‘Last chance’: New York issues new COVID-19 restrictions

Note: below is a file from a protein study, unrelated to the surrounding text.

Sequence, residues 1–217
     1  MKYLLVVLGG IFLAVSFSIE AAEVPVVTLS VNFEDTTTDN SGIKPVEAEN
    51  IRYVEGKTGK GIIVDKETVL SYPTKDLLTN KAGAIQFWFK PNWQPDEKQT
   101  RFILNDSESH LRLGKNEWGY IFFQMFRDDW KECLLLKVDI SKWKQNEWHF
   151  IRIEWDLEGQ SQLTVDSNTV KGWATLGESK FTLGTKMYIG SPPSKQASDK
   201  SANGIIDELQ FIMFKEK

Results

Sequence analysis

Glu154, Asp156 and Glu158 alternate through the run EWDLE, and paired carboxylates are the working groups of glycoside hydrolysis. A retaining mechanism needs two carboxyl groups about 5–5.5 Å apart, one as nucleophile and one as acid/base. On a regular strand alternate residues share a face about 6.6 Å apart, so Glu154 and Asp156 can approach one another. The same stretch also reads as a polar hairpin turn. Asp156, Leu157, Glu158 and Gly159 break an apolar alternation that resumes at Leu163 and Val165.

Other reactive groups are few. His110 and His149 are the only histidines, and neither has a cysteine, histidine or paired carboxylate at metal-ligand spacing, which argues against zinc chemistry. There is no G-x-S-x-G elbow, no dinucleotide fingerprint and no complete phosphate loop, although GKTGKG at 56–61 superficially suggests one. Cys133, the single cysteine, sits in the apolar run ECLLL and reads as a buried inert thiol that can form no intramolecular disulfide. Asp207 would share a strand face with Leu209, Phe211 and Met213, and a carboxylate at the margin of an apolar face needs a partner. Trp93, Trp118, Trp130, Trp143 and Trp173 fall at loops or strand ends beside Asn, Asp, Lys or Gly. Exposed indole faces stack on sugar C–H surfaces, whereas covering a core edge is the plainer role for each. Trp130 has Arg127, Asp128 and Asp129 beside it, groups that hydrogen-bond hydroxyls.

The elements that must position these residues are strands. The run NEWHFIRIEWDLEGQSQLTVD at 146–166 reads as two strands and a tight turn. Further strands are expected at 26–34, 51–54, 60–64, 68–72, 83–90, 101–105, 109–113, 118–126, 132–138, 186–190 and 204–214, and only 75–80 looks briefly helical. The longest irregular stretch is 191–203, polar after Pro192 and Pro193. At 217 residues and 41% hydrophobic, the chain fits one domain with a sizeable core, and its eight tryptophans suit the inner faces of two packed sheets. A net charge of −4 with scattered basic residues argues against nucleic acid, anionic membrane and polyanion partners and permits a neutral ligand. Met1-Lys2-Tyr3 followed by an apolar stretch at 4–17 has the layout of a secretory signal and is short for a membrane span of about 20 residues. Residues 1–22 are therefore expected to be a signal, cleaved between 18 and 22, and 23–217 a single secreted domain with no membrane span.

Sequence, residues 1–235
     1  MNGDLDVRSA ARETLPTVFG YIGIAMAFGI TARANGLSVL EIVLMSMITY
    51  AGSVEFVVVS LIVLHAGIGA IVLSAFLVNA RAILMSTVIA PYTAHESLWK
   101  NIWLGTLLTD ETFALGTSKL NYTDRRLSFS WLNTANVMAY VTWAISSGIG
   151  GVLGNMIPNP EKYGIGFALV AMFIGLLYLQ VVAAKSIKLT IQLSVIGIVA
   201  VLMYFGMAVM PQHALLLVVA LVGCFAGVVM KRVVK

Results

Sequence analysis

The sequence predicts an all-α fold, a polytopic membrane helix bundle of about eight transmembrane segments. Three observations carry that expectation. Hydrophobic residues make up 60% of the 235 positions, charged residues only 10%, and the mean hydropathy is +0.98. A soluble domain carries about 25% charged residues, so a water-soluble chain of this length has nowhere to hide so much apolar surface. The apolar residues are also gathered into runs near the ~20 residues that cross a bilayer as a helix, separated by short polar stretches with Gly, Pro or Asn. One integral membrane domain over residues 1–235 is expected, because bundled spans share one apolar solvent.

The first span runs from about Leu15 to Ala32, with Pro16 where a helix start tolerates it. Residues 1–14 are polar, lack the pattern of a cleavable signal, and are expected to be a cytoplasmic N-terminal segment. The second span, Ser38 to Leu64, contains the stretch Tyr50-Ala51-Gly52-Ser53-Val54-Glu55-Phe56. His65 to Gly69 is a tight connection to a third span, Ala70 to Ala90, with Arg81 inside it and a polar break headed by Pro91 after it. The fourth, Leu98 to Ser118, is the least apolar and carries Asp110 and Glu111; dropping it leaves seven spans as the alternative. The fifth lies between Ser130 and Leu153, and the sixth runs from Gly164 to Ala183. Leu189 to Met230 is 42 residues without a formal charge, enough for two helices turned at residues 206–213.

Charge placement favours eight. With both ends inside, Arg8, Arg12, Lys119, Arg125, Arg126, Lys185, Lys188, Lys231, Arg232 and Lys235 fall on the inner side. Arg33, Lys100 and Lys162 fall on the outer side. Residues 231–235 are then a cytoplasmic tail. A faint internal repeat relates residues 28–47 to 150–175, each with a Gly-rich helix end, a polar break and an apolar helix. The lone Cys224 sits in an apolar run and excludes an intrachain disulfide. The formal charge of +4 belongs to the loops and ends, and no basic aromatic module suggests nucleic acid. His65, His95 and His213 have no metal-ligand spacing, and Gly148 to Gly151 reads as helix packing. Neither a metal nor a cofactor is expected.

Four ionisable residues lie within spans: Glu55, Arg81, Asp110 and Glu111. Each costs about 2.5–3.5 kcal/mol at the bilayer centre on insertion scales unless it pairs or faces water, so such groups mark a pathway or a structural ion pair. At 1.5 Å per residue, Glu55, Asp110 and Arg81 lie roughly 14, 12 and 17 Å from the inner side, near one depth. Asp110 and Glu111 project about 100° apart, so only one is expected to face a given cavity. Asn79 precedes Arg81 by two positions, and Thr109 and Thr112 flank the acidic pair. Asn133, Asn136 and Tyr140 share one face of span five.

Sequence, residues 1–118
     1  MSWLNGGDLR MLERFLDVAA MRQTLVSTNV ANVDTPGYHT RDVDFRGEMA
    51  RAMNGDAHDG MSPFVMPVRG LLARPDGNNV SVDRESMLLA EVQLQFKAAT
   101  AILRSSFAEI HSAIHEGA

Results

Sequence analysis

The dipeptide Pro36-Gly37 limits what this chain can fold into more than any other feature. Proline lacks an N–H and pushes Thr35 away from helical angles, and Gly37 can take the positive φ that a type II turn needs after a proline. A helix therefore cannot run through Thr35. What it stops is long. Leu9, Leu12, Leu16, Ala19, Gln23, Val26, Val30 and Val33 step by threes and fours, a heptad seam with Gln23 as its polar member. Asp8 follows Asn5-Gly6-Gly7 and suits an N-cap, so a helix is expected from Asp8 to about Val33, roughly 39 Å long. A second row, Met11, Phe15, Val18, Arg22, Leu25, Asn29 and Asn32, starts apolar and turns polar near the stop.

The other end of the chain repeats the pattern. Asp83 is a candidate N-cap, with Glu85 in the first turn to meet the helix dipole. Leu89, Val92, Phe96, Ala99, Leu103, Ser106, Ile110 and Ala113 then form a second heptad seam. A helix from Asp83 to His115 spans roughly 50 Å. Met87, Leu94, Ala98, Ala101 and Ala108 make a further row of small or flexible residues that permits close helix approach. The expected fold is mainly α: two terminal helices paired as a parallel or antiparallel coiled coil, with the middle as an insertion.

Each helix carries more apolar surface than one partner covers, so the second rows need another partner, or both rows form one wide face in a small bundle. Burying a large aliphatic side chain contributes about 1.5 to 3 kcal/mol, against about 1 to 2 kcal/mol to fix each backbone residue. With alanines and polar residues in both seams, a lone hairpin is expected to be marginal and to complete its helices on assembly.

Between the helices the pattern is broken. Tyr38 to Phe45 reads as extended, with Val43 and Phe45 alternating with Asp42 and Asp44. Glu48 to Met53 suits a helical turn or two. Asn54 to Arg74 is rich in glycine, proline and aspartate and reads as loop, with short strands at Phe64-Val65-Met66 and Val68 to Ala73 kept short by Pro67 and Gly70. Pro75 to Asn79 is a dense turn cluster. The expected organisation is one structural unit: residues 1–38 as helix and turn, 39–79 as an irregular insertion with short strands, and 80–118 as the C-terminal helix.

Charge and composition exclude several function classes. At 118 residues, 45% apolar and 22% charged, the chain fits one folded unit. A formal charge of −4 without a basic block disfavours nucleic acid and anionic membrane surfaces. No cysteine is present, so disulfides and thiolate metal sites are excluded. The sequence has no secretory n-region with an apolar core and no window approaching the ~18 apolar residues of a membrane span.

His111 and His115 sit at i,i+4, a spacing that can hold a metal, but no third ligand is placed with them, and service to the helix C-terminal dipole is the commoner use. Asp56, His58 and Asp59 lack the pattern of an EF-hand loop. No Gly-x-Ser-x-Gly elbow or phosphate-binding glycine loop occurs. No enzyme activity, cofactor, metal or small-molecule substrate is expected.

New York Governor Andrew Cuomo on Wednesday imposed a new round of restrictions aimed at curbing the spread of the coronavirus as the infection rate climbed and hospital admissions soared in the state that was the epicentre of the outbreak in the United States its early stages. Cuomo ordered bars, restaurants and gyms in the state to shut at 10pm (03:00 GMT) nightly and capped the number of people who could attend private parties at 10. “We’re seeing a national and global COVID surge, and New York is a ship on the COVID tide,” the governor told reporters, adding that contact-tracing identified late-night gatherings at bars, restaurants and gyms as key virus spreaders in the state. The new measures, which take effect on Friday, came a day after California and several states across the Midwest tightened restrictions on residents to try to curb the rapid spread of the virus. “This is our LAST chance to stop a second wave,” New York City Mayor Bill de Blasio tweeted on Wednesday, as he announced the city-wide seven-day average rate of coronavirus tests coming back positive had hit 2.52 percent. The city’s public school system, the nation’s largest, would be shut to in-person learning if that figure reached 3 percent. Medical workers operate a testing tent at a COVID-19 mobile testing site in the Brooklyn borough of New York [John Minchillo/AP Photo] As COVID-19 infections, hospital admissions and deaths surge across the US, more signs emerged that a second wave could engulf areas of the Northeast, which had managed to bring the pandemic under control after being battered earlier this year. The US as a whole reported more than 1,450 deaths on Tuesday, the highest single-day count since mid-August, according to a Reuters analysis. US COVID-19 cases climbed for seven consecutive days to reach more than 136,000 as of late Tuesday, while admissions to hospital crossed 60,000 for the first time since the pandemic began, threatening to overwhelm systems in many parts of the country, according to Reuters news agency. In New Jersey, one of the early US hotspots, a spike in cases in Newark – the state’s largest city – prompted Mayor Ras Baraka to implement aggressive measures, including a mandatory curfew for certain areas. The rate of people testing positive for the coronavirus in Newark hovered at 19 percent, more than double the state’s 7.74 percent seven-day average, Baraka said in a statement on Tuesday. The World Health Organization has said anything over 5 percent is troubling. “Stricter measures are required in the city’s hotspots in order to contain the virus and limit the spread,” he said. New Jersey Governor Phil Murphy on Monday announced restrictions similar to those in New York in response to a rise in COVID-19 cases in the state and outbreaks among bartenders. Morgue trucks In Maryland, where the rate of people testing positive stood at 5.6 percent on Wednesday, officials warned about rising numbers of patients with COVID-19 admitted to hospital. More than 800 people were being treated for COVID-19 at state hospitals as of Wednesday, according to Mike Ricci, the communications director of Governor Larry Hogan. That is Maryland’s highest daily count since April. A record number of people died of COVID-19 in several Midwest and western states on Tuesday, including in Alaska, Indiana, Missouri, North Dakota, Wisconsin and Wyoming. “We are definitely seeing a rise in cases and large number of cases across the state,” Dr Chris Weaver, an emergency medicine physician and senior vice president of clinical effectiveness at Indiana University Health, told the Reuters news agency. “We are in a good place now to manage all the patients that we have but, as volumes increase quickly, it’s going to fill up everything,” he added. Texas on Wednesday became the first US state to record more than one million coronavirus cases, as sporting events were cancelled and the border city of El Paso added mobile morgues in anticipation of virus deaths overwhelming hospitals for weeks. Texas leaders gave no indication of forthcoming restrictions as the state passed the grim milestone and recorded more than 10,800 new cases on Tuesday, which set a new daily record. The number of coronavirus infections is the highest since July. According to data from Johns Hopkins University, Texas has recorded 1,010,364 coronavirus cases and more than 19,300 confirmed deaths since the pandemic began in early March. Only Illinois has averaged more new cases than Texas over the past two weeks. In El Paso, where more than 1,000 virus patients have been hospitalised, local officials have shut down tattoo parlors, hair and nail salons and gyms — all steps that are beyond what Abbott has allowed. The state is fighting the move that Republican Attorney General Ken Paxton says is “oppressing” the border county of about 840,000 people, but local officials won a brief reprieve on Wednesday when the Texas Supreme Court refused to make an expedited ruling. El P